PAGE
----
The equilibrium effects of aggressive drug enforcement

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Mark Kleiman makes an interesting point about the effect of aggressive drug enforcement (read it, really):
In the long run, drug enforcement may, in fact, tend to decrease prices by creating a class of retail drug dealers with felony records who therefore can't find lawful employment. That group then bids down dealing wages. (Crack dealers, who were making $30/hr. in Washington D.C. in the late 1980s, were making less than the minimum wage in Chicago in the late 1990s.) Since retail dealers' wages are an important element of the cost structure of the illicit drug industry, falling retail wages translate into falling retail prices.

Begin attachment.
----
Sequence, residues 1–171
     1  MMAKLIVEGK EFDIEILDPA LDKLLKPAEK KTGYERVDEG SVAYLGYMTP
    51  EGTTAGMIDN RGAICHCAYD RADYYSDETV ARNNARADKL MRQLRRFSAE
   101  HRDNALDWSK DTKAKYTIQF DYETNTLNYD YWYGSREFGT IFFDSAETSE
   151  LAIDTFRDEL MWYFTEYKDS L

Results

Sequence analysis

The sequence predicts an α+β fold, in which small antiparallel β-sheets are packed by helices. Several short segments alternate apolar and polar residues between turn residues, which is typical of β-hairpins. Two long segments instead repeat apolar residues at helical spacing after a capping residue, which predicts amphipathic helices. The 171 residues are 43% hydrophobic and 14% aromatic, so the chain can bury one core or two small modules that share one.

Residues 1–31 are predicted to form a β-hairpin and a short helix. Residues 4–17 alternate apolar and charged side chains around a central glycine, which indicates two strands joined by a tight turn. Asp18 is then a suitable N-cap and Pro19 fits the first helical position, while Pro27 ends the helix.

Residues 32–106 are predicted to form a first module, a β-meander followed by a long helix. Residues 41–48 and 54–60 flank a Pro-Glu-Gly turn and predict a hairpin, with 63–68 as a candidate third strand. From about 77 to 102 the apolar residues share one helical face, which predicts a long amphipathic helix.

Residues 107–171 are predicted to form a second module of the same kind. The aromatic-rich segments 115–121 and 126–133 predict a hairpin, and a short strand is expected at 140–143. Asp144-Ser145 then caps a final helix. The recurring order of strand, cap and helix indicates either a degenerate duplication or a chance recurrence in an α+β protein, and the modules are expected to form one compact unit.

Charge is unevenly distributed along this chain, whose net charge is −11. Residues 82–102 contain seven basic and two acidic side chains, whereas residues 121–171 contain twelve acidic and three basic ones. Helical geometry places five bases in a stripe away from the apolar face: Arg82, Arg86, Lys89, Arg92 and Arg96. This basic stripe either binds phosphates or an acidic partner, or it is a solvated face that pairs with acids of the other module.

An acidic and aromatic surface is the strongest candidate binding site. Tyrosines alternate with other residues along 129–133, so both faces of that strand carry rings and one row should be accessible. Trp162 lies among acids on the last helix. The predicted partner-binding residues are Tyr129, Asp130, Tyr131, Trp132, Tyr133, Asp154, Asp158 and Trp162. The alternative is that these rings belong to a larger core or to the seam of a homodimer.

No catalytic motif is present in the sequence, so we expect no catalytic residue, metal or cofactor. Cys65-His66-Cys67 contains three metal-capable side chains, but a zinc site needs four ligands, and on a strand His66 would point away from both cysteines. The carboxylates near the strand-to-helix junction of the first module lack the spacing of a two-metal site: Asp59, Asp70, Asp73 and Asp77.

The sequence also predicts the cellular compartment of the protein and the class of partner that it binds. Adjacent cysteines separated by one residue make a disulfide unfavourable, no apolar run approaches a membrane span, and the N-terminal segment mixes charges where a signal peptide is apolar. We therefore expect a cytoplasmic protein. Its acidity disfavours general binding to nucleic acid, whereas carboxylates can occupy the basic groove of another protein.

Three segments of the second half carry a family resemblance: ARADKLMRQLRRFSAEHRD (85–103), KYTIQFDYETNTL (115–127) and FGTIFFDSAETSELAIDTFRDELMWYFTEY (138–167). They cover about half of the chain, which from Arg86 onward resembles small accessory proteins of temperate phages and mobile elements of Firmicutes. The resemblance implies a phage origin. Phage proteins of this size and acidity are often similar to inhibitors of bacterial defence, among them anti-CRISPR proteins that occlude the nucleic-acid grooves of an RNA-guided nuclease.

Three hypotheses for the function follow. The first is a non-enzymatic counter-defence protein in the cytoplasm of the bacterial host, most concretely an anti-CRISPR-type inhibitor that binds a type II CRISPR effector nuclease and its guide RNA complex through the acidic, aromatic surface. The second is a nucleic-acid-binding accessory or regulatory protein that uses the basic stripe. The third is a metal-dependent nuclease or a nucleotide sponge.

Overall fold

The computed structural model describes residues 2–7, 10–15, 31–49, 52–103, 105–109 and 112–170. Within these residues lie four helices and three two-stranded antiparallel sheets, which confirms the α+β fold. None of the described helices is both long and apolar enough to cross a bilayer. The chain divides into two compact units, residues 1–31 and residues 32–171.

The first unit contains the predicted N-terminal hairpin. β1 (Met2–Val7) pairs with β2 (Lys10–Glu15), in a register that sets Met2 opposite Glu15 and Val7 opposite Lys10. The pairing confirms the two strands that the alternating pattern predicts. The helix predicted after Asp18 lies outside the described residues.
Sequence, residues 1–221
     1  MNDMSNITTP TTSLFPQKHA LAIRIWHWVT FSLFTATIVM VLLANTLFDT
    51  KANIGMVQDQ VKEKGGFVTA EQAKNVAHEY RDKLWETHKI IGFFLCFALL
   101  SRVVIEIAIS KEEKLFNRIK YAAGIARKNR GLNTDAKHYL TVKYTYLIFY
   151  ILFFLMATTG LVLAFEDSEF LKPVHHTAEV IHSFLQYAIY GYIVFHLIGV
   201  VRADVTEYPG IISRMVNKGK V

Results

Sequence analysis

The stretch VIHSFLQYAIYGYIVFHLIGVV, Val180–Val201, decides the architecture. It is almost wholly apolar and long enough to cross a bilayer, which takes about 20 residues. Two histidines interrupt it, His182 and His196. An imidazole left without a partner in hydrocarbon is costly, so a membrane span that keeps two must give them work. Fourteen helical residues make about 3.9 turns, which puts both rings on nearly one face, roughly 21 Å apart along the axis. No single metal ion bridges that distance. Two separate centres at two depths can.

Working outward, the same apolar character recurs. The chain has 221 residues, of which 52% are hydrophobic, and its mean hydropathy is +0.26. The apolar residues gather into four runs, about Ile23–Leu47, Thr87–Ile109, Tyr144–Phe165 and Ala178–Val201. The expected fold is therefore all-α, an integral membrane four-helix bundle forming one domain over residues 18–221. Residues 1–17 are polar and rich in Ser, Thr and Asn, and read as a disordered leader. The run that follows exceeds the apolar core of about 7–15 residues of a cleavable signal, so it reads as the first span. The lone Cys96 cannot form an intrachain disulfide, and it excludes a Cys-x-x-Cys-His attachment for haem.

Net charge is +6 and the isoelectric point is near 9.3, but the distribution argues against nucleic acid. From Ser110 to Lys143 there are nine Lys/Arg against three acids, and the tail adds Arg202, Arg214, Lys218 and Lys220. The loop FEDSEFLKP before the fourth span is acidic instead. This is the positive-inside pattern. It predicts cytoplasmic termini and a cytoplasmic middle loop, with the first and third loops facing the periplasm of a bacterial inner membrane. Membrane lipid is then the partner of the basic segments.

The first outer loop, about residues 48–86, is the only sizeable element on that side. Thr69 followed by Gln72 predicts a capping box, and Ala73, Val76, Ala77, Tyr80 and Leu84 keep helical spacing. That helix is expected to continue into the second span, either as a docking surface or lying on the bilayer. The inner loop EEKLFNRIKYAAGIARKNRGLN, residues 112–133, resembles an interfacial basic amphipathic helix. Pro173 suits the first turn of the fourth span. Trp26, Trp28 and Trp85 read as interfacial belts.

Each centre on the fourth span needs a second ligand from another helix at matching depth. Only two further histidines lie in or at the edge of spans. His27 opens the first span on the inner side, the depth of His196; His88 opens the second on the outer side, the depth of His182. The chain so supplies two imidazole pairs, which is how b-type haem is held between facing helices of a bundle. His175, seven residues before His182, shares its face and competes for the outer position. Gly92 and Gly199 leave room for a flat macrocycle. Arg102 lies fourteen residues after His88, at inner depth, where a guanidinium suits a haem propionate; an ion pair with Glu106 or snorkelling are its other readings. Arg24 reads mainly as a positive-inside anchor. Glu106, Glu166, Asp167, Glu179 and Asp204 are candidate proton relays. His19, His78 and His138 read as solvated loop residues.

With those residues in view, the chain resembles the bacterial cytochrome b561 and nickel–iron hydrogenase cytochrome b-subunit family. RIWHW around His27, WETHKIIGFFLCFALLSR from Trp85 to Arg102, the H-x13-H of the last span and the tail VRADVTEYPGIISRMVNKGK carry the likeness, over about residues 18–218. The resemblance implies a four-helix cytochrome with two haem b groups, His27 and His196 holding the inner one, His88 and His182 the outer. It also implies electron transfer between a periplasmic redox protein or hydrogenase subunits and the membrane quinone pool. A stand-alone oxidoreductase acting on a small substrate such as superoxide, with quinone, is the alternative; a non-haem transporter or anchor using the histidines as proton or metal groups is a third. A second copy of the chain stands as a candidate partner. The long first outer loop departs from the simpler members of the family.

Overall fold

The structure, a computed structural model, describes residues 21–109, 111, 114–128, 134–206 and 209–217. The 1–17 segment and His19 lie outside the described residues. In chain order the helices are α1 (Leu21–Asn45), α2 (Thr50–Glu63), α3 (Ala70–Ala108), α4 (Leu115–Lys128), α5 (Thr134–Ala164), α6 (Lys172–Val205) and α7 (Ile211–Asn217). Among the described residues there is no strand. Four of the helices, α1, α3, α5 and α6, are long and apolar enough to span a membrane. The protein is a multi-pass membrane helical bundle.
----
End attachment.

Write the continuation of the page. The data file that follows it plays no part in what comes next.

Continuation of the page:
This isn't the only thing that could cause prices to fall, but it's certainly an intriguing one.

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My extensive research (ie watching COPS for the last decade or so) provides supporting evidence for this. It used to be that street-corner crack dealers were all blinged up. Now, they're generally toothless whores who need to turn tricks in customers' beater chevy trucks to supplement their crack-selling income.
Plus, I hear all the white-collar crack jobs are being outsourced to cheaper skilled labor in China.

Actually, Craig, you are correct. I'm a cop in a major city. Many of the street level dealers are now users who are paid in crack. For every two or three rocks they sell, they get one free to smoke. They have to turn the money over to their supplier. We call them "hooks," since they hook up with a buyer and act as a go-between with the real supplier.

I hope the blogosphere keeps the debate going on legalization of all drugs, as I think the drug war has been a huge waste of resources.

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